Food events come and go, but when the clout behind a particular function brings out some of the best chefs from inside and outside of Los Angeles, you’ll have a standout. Especially when the resulting total raised amounts to more than $700,00 towards childhood cancer research and patients’ lives and care.
Let me take this first post in almost one month to deliver some pertinent upcoming event news. It’s now summer and thus, event season, here in sunny Southern California. Now that I’ve somewhat psychologically recovered from a huge picture-data dump from spilling a homemade cocktail all over my non-backed-up laptop, I’m finally ready to move into this crazy part of the year.
So here’s a rebirth of sorts; it’s an intentional start to the summer by tallying up the essential food events continuing into the fall (L.A. Loves Alex’s Lemonade is in September). One focuses on cocktails. One focuses on tacos. One focuses on ribs. Three are on the same day; thus, yes – I do wish that these were spread out, more. But practically all of them feature world-class chefs. So without further adieu, here’s where you need to be this summer:
It wouldn’t be Spring in Los Angeles without the L.A. Times Festival of Books. And it certainly wouldn’t be aÂ book festival without cookbooks.Â Held in Westwood PlazaÂ behind the Wooden CenterÂ on the UCLA campus, the cooking stage will feature author-chefs in demonstrations throughout both days of the festival. Included in the schedule are Los Angeles contributorsÂ to the Top Chef Quickfire Cookbook like Betty Fraser (Grub) and Stefan Richter (L.A. Farm) as well as Mark Peel (Campanile) – whoÂ is actually aÂ Top Chef Masters alumni but recently came out with a cookbook entitled,Â “New Classic Family Dinners.”
Peep below for the full cooking stage schedule:
Saturday, April 24
11Â AM – Lisa Lillien, Hungry Girl 1-2-3
12:30Â PM – Chris â€˜CJâ€™ Jacobson, Stefan Richter, Betty Fraser & Antonia Lofaso, Top Chef Quickfire Cookbook
2Â PM – Dave Martin, Flavor Quest
3:30Â PM – Alicia Silverstone, The Kind Diet
Sunday, April 25
11Â AM – Alice Waters, In the Green Kitchen
12:30Â PM – Anne Byrn, The Cake Mix Doctor Returns
2 PMÂ – Tricia Yearwood, Home Cooking with Tricia Yearwood
3:30Â PM – Mark Peel, New Classic Family Dinners
Great way to get up close and in-the-flesh with your favorite chefs – or vegan actress-turned-chef, whichever you prefer. Either way, the Festival of Books is well worth a visit this weekend.
Cooking stage demos are free
Cooking Stage at L.A. Times Festival of Books
924 Westwood Boulevard
Los Angeles, CAâ€Ž 90024
Ready to dine out for a good cause?
Buy a Dining Out to End Cancer card for $25 and for the month of November, get 20% off the entire check – excluding alcohol, taxÂ and gratuity – at participating restaurants.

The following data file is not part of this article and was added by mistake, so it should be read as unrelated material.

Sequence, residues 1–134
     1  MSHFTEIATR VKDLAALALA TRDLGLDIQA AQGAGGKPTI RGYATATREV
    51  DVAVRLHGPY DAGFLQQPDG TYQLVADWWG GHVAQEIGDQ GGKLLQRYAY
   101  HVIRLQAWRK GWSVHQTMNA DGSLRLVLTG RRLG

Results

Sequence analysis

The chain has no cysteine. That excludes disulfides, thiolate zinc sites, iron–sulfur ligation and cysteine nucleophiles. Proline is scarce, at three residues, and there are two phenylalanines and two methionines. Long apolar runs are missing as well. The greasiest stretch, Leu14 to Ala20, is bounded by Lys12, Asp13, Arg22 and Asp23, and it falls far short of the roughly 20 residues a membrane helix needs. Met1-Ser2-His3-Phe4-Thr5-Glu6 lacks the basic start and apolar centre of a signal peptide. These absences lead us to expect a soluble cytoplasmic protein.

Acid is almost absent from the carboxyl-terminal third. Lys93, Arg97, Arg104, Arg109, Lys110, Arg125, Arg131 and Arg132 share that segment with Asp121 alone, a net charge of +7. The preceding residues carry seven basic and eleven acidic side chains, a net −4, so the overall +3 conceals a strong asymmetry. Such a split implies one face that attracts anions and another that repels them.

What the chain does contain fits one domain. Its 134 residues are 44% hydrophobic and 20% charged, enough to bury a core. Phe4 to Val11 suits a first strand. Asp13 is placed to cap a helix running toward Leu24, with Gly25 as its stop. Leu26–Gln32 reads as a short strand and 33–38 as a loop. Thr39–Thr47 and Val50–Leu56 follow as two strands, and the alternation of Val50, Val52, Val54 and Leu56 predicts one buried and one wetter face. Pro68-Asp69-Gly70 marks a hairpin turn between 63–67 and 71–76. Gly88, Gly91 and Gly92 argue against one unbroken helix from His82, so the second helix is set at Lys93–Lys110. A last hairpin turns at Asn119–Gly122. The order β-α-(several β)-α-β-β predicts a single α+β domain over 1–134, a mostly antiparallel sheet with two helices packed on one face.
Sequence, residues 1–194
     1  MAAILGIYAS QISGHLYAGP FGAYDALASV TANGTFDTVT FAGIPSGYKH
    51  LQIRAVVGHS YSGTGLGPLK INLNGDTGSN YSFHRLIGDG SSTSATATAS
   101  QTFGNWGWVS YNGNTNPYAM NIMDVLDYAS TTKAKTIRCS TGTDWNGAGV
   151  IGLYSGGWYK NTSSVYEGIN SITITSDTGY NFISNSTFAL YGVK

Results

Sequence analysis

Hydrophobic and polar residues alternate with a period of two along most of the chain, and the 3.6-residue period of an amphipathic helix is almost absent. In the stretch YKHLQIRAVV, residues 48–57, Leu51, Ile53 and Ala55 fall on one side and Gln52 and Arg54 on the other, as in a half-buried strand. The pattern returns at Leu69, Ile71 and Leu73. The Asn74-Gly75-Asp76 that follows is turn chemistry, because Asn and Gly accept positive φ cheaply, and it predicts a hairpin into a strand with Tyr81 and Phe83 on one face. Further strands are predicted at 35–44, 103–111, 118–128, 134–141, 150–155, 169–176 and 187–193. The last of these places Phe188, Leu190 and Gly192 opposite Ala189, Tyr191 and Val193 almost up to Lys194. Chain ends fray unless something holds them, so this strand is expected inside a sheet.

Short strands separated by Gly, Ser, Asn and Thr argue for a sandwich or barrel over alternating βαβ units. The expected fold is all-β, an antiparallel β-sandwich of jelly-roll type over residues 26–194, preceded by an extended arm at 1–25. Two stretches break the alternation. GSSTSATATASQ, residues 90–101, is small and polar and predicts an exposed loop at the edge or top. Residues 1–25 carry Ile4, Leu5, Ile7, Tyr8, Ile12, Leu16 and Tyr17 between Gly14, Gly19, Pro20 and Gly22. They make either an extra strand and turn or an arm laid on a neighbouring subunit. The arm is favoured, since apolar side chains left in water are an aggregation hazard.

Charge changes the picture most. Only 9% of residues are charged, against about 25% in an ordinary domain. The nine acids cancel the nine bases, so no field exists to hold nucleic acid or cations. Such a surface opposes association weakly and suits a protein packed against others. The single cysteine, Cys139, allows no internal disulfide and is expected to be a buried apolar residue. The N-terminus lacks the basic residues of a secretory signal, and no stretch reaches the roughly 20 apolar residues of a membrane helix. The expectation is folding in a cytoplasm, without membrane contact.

Proceeds from the sale of Dining Out to End Cancer cards will support highest priority cancer research at UCLAâ€™s Jonsson Comprehensive Cancer Center (JCCC). Woohoo! My alma mater!Â And what better way to support than to support cancer research?
Take a look at the participating restaurants for the full scoop:
Blvd 16 Restaurant and Lounge
BONDST Beverly Hills
Border Grill – Santa Monica
Chakra Cuisine – Beverly Hills
Chakra Cuisine – Irvine
Coupa Cafe – Beverly Hills
Il Grano Restaurant
La Fonda on Wilshire
La Poubelle Bistro & Bar
MINX Restaurant and Lounge
O Bar and Kitchen
POP Champagne and Dessert Bar
Sam’s by the Beach
Spark Woodfire Grill – Beverly Hills
Spark Woodfire Grill – Huntington Beach
Spark Woodfire Grill – Simi Valley
Spark Woodfire Grill – Studio City
Susan Feniger’s STREET
Taste on Melrose
Taste at the Palisades
Vinoteque on Melrose
West Restaurant & Lounge
Woo Street! Woo Vinoteque! Woo BONDST! Get out there and save 20% in the name of cancer…
Cards are $25
Savings good for month of November
I was at an engagement party over at The Parlor in Santa Monica a few weeks ago when I got “reacquainted with an acquaintance” from my UCLA days. We did the obligatory surfacey catch-up talk, which included where we lived now. He: West LA. Me: East of West LA. I told him my major cross-streets.
[tangent] I’m technically located in “Beverly Hills Adjacent” even though I leave that out for fear of sounding like not only a complete tool, but a wannabe tool. When you say you live in “Beverly Hills” it invokes a sort of – intended or not – solicitation of awe from the listener. It’s somewhat of a lose-lose situation, because you don’t mean anything by it. It’s just factual geography, yet chock full of Tori Spelling-esque cheese. Since I actually work in 90211 and use my workplace to receive packages, more than a few times while placing orders on the phone I would get the “Ooh, it’s almost 90210” comment.
My apartment? Like so many others, my address says Los Angeles. It’s a huge city and even larger county – even the largest one in the country. Yes, Beverly Hills Adjacent suffices in making it more specific but you know what? Not only do I not want to say I live in Beverly Hills, I especially don’t want to mention that I live in Beverly Hills Adjacent. Just the mere specification that I live not in Beverly Hills but across the street from it reeks of “wannabe elitism.” And so, I stick to the cross-streets. [/tangent]